United States Patent Application No. 2005/0004831, by Najmi et al. and titled System Providing for Inventory Optimization in Association with a Centrally Managed Master Repository for Core Reference Data Associated With an Enterprise, describes a system and method for developing an inventory plan for a supply chain. The supply chain is defined as the chain of participants beginning with suppliers including the manufacturers and vendors and ending with the consumer. The inventory plan is an optimized plan that assures that the members of the supply chain are able to predict proper inventory amounts based on a variety of defined metrics. If metrics reach a critical/problematic point, the plan is adjusted accordingly. New metrics can be added. This invention recognizes and addresses the problems with overstock and understock in a supply chain and attempts to develop a dynamic inventory plan that will prevent the occurrence of these problems. However, given the unpredictable nature of the consumer, this invention cannot address inventory problems that arise from an unexpected change in consumer demand, and does not provide a means by which inventory can be equalized between different nodes experiencing congruent problems (matching overstock and understock of the same inventory item).
At any level (manufacturer, distributor/wholesaler, or retailer), inventory excess is expensive, and there have evolved many business methods for dealing with the problem. The most visible is to discount the price from the planned one, motivating buyers in the chain to move the merchandise. A second solution is to return the inventory to the source—the manufacturer—and pay any imposed restocking charge. Both have the effect of reducing margins and therefore profits, but are better business method solutions than languishing and obsolescing inventory.
Another method for dealing with the problem is to package such obsolescing product, discount it, and ship it to off-price distributors and retailers, which has the same net effect of reducing margins and profits. Both of these steps have another effect that is highly negative and not as visible; branded merchandise appears for sale at a discount, which manufacturers (owners of such brands) work hard to prevent. Many brands are protected aggressively. There are often agreements between the distribution system and the manufacturer or importer intended to prevent such discounted sales, or transfers to distribution that is not pre-authorized by the manufacturer or importer, and violations of such agreements can cause termination of a sales franchise.
In the case of overstock, branded merchandise manufacturers often establish a buy-back program to help prevent discounting by authorized outlets, and to help prevent their merchandise from reaching discount outlets. Such returns come at a high price, however. First, they result in a credit against future orders, which does not help a cash-needy situation. Second, they are credited at a high discount compared to the original shipping invoice (15% or more, as a restocking charge). Third, retaining the right to sell a particular brand often requires maintenance of a certain volume of sales, and returns negatively impact that volume and can jeopardize retention of that sales franchise. Fourth, vendors/suppliers often control how the retailer can spend credits for returned merchandise.
Another business method that has emerged to deal with the problem is clandestine shipment by an authorized dealer in branded merchandise to an unauthorized dealer. This is usually a violation of the contract between the authorized dealer and the distributor or manufacturer, and sometimes occurs via nighttime transfers to trucks in alleys, but has the effect of converting excess inventory into ready cash. The risk is to the franchise held by the authorized dealer, but in the absence of trackable serial numbers that risk is small, and the result is a loss of brand protection.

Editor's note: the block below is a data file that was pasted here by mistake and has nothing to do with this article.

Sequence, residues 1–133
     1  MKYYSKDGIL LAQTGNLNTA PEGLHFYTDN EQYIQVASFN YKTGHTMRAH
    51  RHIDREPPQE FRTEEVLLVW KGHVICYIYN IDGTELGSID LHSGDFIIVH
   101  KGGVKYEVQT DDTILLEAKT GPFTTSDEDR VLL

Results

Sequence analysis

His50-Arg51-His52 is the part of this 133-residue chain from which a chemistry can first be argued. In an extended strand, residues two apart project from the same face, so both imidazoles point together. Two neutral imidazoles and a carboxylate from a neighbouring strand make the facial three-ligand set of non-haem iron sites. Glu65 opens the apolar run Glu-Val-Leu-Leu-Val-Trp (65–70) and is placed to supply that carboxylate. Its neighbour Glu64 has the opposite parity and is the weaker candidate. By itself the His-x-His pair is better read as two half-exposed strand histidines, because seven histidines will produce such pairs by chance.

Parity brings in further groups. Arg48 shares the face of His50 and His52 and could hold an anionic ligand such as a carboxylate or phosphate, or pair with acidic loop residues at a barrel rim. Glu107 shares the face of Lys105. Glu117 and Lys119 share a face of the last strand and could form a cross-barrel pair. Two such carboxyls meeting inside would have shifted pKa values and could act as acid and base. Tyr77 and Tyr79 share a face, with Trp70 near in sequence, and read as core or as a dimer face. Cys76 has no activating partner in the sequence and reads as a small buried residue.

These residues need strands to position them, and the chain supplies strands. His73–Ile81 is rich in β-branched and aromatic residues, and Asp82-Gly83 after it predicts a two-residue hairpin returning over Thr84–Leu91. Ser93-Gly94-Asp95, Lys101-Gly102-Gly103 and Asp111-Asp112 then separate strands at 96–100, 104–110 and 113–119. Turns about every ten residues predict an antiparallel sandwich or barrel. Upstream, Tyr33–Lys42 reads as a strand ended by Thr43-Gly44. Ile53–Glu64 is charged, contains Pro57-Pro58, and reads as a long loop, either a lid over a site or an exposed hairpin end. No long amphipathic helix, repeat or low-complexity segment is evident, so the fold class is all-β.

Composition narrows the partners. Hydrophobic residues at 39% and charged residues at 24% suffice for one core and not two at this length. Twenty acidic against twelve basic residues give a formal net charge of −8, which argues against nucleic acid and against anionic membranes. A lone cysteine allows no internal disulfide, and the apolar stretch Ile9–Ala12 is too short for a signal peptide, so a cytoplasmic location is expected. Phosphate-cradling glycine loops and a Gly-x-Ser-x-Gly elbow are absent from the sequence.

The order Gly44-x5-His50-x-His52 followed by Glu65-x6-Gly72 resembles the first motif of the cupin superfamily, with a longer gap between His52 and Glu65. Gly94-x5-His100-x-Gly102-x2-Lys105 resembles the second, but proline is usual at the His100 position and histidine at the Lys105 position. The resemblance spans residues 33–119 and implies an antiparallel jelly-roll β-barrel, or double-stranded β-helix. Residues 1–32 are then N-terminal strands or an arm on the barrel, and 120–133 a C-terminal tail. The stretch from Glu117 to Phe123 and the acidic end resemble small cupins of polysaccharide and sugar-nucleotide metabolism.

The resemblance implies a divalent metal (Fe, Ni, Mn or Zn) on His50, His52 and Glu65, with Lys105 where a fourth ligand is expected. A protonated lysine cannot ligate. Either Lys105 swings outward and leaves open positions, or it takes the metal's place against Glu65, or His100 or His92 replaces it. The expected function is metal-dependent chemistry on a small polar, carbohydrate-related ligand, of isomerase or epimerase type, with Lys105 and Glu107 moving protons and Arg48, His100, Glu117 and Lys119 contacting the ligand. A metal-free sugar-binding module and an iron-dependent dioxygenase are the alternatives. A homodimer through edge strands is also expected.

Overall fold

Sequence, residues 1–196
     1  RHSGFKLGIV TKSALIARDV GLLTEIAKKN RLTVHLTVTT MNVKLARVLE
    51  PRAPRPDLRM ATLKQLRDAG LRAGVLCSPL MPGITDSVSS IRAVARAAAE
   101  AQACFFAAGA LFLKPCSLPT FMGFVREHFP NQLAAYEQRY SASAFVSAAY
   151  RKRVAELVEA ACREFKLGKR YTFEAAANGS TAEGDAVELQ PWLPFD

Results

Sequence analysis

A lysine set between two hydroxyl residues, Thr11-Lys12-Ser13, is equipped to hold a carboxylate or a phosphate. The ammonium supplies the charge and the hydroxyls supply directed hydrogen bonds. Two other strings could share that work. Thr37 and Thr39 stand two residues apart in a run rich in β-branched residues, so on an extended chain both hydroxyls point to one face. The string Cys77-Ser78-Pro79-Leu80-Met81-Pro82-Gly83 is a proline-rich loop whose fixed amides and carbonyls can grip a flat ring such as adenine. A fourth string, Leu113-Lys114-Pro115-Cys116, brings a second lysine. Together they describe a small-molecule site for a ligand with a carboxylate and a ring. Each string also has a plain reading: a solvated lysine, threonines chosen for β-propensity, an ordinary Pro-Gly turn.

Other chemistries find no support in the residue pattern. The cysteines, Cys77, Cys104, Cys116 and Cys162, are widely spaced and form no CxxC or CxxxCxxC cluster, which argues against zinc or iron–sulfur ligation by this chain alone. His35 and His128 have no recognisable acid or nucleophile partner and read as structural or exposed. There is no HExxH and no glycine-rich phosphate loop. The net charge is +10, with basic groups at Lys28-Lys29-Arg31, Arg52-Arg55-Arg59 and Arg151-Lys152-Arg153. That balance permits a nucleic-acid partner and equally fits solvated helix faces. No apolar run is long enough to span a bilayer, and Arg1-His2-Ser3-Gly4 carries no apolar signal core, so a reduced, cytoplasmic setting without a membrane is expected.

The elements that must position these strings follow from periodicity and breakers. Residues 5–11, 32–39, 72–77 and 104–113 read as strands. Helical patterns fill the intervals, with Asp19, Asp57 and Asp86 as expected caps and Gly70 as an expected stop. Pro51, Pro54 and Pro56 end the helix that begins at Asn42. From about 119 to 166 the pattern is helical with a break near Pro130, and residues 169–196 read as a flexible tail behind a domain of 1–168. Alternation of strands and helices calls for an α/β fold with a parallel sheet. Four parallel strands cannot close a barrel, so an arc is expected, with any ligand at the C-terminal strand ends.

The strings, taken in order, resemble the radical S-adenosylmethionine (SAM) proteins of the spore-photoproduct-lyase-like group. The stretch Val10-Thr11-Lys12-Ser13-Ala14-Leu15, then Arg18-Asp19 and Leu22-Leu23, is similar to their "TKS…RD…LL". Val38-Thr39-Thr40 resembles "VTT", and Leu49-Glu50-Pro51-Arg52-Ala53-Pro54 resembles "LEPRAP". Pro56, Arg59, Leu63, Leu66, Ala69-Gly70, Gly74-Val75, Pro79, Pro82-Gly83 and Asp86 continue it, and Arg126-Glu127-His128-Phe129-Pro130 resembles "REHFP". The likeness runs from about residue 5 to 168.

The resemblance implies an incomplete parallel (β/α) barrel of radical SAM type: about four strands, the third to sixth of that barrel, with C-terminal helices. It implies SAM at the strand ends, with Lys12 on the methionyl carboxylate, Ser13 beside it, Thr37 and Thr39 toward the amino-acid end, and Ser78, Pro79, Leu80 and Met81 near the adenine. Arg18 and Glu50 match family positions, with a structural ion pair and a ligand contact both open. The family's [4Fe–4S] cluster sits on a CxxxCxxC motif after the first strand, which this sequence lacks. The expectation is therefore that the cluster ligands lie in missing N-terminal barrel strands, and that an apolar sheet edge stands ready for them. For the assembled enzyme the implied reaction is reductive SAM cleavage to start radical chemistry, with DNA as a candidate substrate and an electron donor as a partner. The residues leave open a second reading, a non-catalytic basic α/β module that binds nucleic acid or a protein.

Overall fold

Excess inventory is expensive, and its value decreases steadily. That decrease is often more rapid than the rate of sale of the stock, and waning sales revenue often will not replace the cost of buying the inventory in the first place. Tax authorities recognize the situation and permit deductions for obsolescing inventory, acknowledging that costly aspect of doing business in a supply-demand system where prediction is imperfect. A cost-effective business method that satisfies the problem would increase profit for every link in the supply chain.
For these reasons and more, all components of the system including manufacturers, wholesalers/distributors, and retailers seek ways and means to relieve the excess inventory problem.
One potential solution to a deficiency in inventory is to place an order for more. At the retail level, and sometimes at the wholesale/distribution level, this solution is often impractical. When the original imperfection in judgment resulted in one or two items selling out earlier than expected, or the unplanned success of a particular style or color of an item, it may not be cost-effective to place a re-order if there are minimum order quantities, or penalties when orders are below some threshold. Some items, in fact, may be orderable only in arrays that consist (as an example) of one gross of each color. When an item sells out in the two colors of a local university, for example, it may not be cost effective to order twelve gross, ten gross of which will languish along with the original shipment.
In many such cases, the deficiency remains unsatisfied because there is no method by which the order can be cost-effectively filled.
Further, re-order items may not be available at the factory or distributor level because they are back-ordered, closed out, or discontinued, resulting in lower profitability for the retailer whose inventory is comprised of partial size runs or limited color options, etc., making the product difficult to sell.
When all components of a distribution network are members of the same closed logistics system, and all are interconnected by inventory management software, communications, and logistics mechanisms (shipping means), software can be devised to (1) recognize inequities, (2) react to trigger points, (3) make recommendations to management, (4) monitor the logistical implementation of solutions, and (5) create data structures that suggest improvements to ordering protocols that lessen the likelihood of repetitive problems. There are prior art business methods by which closed/chain/franchise distribution systems can be optimized to reduce obsolescence, minimize investment in inventory, improve overall profitability, protect branding, and maintain brand franchises.